“It’s not clothes,” she said. “It’s valuables. But that’s all I got to say.”
As soon as she said valuables I felt a blooming in my chest, a rush of relief. Valuables. It had to be his wallet and his keys.
My uncle’s life was a mystery to me at that point. He lives, or lived, a very quiet and solitary existence in his one bedroom coop in Chelsea. All I knew was that when I visited him a few months ago, I asked if he had a will and he said yes.
My uncle never had children and outlived his wife by forty years, so his list of living relatives is short. It’s just his half-sister, my Dad, and my three siblings. None of us are close to him. None of us ever spoke to him regularly. He was agreeable, always happy and never complained. We worried as he aged and developed diabetes and gained weight, but that was about all we did.
The next morning I Googled mobile notary public and up popped Christopher Santucci, on the upper west side. I called and he agreed to meet me at the hospital. I told him my uncle couldn’t talk and didn’t have any identification with him. He said it was fine, that he just needed my uncle to make an x on the paper, and two nurses who could identify him. We made plans to meet that afternoon.
When I got to the ICU my uncle was better, more awake than the day before, but still sedated. I wasn’t sure he would be able to sign something. I tried talking to him, explaining what I was trying to do without making him anxious or stressed. He agreed to give me permission to get his belongings from Bellevue and to go to his apartment. But I didn’t think he would be able to stay awake to sign his x. I canceled the notary, hoping my uncle would be better the next day.
In the morning I went uptown early and was pleased to find my uncle more awake. I called the notary who said he had other appointments but would try to make it. I called another mobile notary service as a back up and they said something that scared me. “We don’t do that. If your uncle can’t speak we can’t notarize anything for him. It’s a liability issue.”
I had a terrible sinking feeling. All the obstacles I had overcome meant nothing if I couldn’t get the letters signed. Suddenly defeat seemed sure. My aunt had said, “They’re never going to let you into his apartment,” and I had bristled at her pessimism. But maybe she was right. Maybe this was impossible. I could hear my stepmother telling everyone how I had tried, “bless her heart,” but failed to achieve anything. I could hear myself on the plane ride home, wondering what I was thinking.
But I had too much momentum and too much at stake to give up. I called Christopher back and he said he could come at 11.
I looked at my uncle and he smiled his big bright smile. He was looking pretty good despite the stubble getting long on his chin, and all the tubes and machines pumping everything in and out of him.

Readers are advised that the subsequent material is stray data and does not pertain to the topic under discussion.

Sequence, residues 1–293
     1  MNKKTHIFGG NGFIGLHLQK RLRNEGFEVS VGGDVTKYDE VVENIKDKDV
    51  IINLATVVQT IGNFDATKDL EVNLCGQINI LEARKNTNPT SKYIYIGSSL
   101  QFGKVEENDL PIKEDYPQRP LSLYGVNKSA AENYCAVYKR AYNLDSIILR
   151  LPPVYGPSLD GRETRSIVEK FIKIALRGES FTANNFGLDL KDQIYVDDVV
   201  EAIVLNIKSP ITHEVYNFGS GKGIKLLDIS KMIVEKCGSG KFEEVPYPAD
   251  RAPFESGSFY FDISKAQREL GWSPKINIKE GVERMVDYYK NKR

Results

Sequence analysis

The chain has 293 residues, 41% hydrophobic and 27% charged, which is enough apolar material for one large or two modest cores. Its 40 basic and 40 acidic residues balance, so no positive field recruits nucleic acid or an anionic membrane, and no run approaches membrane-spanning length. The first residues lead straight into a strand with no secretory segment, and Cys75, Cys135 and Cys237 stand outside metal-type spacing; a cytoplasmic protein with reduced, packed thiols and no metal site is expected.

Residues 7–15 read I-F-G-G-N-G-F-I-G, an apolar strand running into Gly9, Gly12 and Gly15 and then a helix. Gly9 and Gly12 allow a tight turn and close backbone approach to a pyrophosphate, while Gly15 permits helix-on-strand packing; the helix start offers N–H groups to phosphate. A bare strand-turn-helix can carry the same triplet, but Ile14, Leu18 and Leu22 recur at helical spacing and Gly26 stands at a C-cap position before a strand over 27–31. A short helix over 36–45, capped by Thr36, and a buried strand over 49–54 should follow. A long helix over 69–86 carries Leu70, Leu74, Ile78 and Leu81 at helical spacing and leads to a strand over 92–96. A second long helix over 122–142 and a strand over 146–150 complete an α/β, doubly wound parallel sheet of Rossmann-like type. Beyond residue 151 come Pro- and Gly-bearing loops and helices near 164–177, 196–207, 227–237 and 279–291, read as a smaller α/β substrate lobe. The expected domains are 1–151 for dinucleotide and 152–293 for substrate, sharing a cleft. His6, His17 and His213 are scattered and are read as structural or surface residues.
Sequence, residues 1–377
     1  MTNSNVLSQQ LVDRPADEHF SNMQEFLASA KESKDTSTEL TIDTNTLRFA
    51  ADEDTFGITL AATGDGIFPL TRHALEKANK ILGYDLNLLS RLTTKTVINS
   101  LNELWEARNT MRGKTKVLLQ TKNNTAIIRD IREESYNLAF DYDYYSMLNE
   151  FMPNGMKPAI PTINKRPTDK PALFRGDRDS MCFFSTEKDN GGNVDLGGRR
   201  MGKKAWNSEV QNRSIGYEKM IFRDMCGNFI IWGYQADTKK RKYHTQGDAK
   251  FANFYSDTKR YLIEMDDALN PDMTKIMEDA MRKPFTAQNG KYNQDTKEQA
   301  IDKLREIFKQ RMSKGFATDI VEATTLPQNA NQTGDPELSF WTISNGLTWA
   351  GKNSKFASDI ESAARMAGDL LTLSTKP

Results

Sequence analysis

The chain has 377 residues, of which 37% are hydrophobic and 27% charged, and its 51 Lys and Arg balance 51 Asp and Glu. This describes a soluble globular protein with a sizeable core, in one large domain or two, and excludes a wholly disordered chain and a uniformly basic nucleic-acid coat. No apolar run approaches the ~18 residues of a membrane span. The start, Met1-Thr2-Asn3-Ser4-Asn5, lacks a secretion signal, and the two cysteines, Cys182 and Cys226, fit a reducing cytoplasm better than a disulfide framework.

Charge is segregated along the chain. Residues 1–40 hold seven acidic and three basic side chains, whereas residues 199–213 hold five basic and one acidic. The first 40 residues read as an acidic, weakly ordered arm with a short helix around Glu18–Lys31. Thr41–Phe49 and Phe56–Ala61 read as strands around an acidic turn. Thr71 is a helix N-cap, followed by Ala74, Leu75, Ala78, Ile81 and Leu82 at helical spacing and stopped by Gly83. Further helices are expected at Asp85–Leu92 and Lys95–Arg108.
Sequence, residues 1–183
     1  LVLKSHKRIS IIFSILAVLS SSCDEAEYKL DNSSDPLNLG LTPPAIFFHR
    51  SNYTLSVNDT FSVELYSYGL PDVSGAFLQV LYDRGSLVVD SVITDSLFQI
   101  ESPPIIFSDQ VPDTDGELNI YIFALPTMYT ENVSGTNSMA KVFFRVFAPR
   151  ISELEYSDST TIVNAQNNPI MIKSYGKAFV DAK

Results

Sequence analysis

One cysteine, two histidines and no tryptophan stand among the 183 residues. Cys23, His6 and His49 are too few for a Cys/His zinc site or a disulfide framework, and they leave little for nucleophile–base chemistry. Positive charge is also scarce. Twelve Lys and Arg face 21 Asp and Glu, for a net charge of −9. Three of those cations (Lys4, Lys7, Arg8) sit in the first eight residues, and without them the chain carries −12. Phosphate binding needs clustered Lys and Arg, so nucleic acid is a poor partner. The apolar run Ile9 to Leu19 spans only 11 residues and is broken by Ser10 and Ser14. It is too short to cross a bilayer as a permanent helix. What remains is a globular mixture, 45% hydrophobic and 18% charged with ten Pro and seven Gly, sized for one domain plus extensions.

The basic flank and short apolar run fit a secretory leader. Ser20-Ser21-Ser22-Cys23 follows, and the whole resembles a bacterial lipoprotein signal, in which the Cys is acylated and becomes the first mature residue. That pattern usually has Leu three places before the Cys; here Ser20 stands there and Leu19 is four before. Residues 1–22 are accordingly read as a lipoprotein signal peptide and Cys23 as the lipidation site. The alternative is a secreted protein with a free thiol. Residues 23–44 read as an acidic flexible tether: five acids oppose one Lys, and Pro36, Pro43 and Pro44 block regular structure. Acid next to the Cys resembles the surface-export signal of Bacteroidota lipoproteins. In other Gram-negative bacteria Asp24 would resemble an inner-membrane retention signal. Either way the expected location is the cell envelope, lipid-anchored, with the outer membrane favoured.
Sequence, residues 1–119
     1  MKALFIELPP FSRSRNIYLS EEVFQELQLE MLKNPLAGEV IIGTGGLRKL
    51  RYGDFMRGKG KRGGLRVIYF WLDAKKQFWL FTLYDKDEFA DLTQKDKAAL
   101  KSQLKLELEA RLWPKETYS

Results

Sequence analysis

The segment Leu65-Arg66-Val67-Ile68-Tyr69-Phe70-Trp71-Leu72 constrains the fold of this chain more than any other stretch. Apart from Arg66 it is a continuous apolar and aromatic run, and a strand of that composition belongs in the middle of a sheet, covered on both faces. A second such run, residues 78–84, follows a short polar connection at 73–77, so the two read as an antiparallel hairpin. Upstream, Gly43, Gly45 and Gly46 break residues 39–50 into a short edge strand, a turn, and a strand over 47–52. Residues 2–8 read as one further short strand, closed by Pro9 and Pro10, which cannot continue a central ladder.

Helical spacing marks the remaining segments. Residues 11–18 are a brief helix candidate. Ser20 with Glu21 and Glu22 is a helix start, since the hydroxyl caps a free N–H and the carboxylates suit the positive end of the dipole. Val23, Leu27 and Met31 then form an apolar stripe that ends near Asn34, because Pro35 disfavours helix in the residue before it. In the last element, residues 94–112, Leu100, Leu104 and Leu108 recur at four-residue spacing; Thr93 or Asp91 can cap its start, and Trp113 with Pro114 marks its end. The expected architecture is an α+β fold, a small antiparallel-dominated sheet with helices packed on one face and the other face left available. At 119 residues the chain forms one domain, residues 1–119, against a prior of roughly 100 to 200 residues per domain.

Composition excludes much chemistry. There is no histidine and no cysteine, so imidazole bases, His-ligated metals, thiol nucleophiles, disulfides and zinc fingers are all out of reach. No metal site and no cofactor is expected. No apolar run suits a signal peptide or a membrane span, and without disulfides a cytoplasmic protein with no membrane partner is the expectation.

I explained the two letters again: One for the hospital and one for the building. I asked if he wanted to practice signing his name, but he shook his head no.
Christopher arrived and I pulled out my two typed up letters and walked over to the bed.
“I need you to sing here okay?”
I put the pen in my uncle’s hand but he couldn’t hold onto it. He was frustrated. I felt victory slipping away again. Christopher said all he needed was an X but what if he couldn’t do that? He grimaced and gripped the pen and scrawled his crooked line like it was the declaration of independence. It seemed to have taken all his strength and after both letters were signed, he collapsed back into his pillows.
Christopher asked two nurses to witness and confirm his identity. One had no problem doing it but the second nurse wasn’t sure. She was worried about liability issues, but Christopher had a way about him. He put her at ease. “It’s nothing sweetheart,” he said, “You’re just saying you know who he is, all right?”
And she signed.
So when I slid my driver’s license and the letter for Bellevue under the glass partition it was with great satisfaction and trepidation. At the hospital, I noticed a tan line where a watch should have been on my uncle’s wrist, and it occurred to me that the “valuables” might just be his watch and some cash from his pocket.
The woman took the letter and my ID and told me to have a seat. I sat next to a large man who needed my help when it was time for him to stand. He was big and it took all my strength to get him up. I stood holding him until he was steady on his feet.
The line behind the rope and the stanchions had grown to ten people in just a few moments. I felt incredibly lucky to have gotten there when I did and lucky to have found Christopher, the best notary in Manhattan.
When she came back the woman had a manila envelope with my uncle’s name printed across the front. My heart started pounding. She opened the envelope and pulled out an inventory list, and then a plastic zip lock bag. I practically fainted. It was his wallet and his keys.
I soared out of the gargantuan building and made my way back across town to his apartment. I knew he would be so happy to have those two things back. I knew they would make him feel a sense of security, which he needed and deserved. And I knew they would get me into his apartment and I would find his will and we would all rest easier. I stopped in a little Japanese restaurant to celebrate my success. As I slurped miso soup I realized I had never felt more gratified before. There was something about helping someone else, but also how hard it had seemed, how bad the odds, that it made winning incredible. I’ve never played on a team but this was what I imagined winning a big game might feel like. I had set a goal, and I had achieved it, and that is the key to success.